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fear less living

 “Let a person rejoice when he is confronted with obstacles, for it means that he has reached the end of some particular line of indifference or folly, and is now called upon to summon up all his energy and intelligence in order to extricate himself, and to find a better way; that the powers within him are crying out for greater freedom, for enlarged exercise and scope.” -James Allen

Fear of the unknown stops many people right where they are.   The next step isn’t taken because of fear.  The footprints stop and then reverse direction when fear overtakes the senses.  

How do you live a fear less life?  How can you face your fears and melt them down (not necessarily away).

Marianne Williamson wrote, “Our deepest fear is not that we are inadequate. Our deepest fear is that we are powerful beyond measure. It is our light, not our darkness that most frightens us. We ask ourselves, Who am I to be brilliant, gorgeous, talented, fabulous? Actually, who are you not to be?”

What if you replaced the negative thoughts with positive affirmations?   “I am powerful” – say that – say it a few times.  “I am powerful.”

Start today, replace fear with your power.

 

 

goal again

Why does self-help fail so often?   Many people have tried the self-help route.  Perhaps they picked up a couple of books guaranteed to change their lives in four easy steps.   They try the steps and for a while, a short while things seem to improve and as things improve the energy to keep doing what is working fades and before long you are right back to where you started.  Self-help lacks permanence.  You will see it in the diets people go on – they hit their goal and then revert back to their old selves. 

The brain rules and until the brain is reprogrammed it will continue to resist change.   Temptation will grow stronger and stronger until in a flash of “only once” thinking all the discipline will dance down the street.

There a ways others can reprogram your brain.  One way is someone will tell you, you’re not capable of doing something.  That generally collapses dreams into a pile of rubble.  No amount of encouraging will reverse that one voice that said, “You are never going to be good doing that.”, and of course there doesn’t need to be any truth in the statement.    For some reason our ego believes the negative message and resists the positive message.

Now, imagine what it would be like to be fully able to live the life you are capable of. 

Try not to imagine a pink elephant.  Now try to get that image out of your mind.  What is happening?  A “not” thought sticks.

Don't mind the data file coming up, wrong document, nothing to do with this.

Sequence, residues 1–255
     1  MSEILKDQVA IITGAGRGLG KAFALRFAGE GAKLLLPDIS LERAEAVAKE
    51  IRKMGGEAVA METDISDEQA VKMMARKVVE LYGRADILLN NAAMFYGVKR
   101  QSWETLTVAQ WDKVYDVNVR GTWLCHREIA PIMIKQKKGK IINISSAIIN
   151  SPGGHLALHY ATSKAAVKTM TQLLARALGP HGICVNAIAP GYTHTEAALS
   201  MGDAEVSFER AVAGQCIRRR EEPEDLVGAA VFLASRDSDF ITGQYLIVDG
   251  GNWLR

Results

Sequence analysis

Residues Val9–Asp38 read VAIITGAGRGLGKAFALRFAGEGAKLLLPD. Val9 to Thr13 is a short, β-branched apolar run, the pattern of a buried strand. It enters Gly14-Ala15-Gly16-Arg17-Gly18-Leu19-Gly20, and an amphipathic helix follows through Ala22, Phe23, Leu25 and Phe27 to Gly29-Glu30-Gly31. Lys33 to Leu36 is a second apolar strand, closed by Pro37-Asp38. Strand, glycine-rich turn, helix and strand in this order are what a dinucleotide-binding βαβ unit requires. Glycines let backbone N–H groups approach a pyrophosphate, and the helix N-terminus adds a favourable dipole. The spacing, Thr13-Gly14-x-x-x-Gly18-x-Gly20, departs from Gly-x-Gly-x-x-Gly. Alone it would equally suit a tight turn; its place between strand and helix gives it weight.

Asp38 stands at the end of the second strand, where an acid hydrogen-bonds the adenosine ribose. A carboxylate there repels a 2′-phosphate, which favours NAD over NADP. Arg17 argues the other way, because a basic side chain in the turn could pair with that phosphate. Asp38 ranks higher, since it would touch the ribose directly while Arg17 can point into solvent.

Do we become the words or stories we tell ourselves?

relentless focus

Listening is an essential attribute in a client coach relationship.  Each of us carries with us a story, a unique story about the past, present and the future.  Our story is filled with the experiences and events that have shaped our lives. 

For example when we are listening we hear the words (content) and then relate them to our contextual framework (our experience).   As we overlay what we hear with our experience (what is in our memory) we “pop out” of the conversation for a moment and depending on the vividness of the story we may “pop out” of the conversation for a few seconds.   When that happens we have lost connection with the story that is being presented (i.e. we are no longer present). 

Intentional listening takes work and like physical exercise needs to be done often in order to improve.   Listen with intent for thirty seconds each day building towards one minute of focused listening (which means silencing the internal critic in the head).  Process the story and allow the story being told to be the only thing that is being processed.   When there are breaks in concentration quickly return to the full focus of listening.

If the speaker mentions “mountains” our mind will imagine a mountain and in many cases our mind will probe the shape, the orientation, height, cliffs, valleys and other features of that mountain and that takes us away from the story.   Those “pops” out of the listening experience need to be very brief in order to be fully present in the listening process.  

It is not that it is wrong to connect our context with the content of the story because that is how we are able to share experiences even though there are vast differences in the context of the story.   We just need to be careful not to escape into our story when we are listening to the story of another person.

Do you “pop out” of the story or are you disciplined in your listening abilities?

How long can you focus on the story of another person?

What can you do to improve your focus?

Now what if your brain becomes full, what do you do?  [This is where we acknowledge the story, through paraphrasing, echoing, questioning …]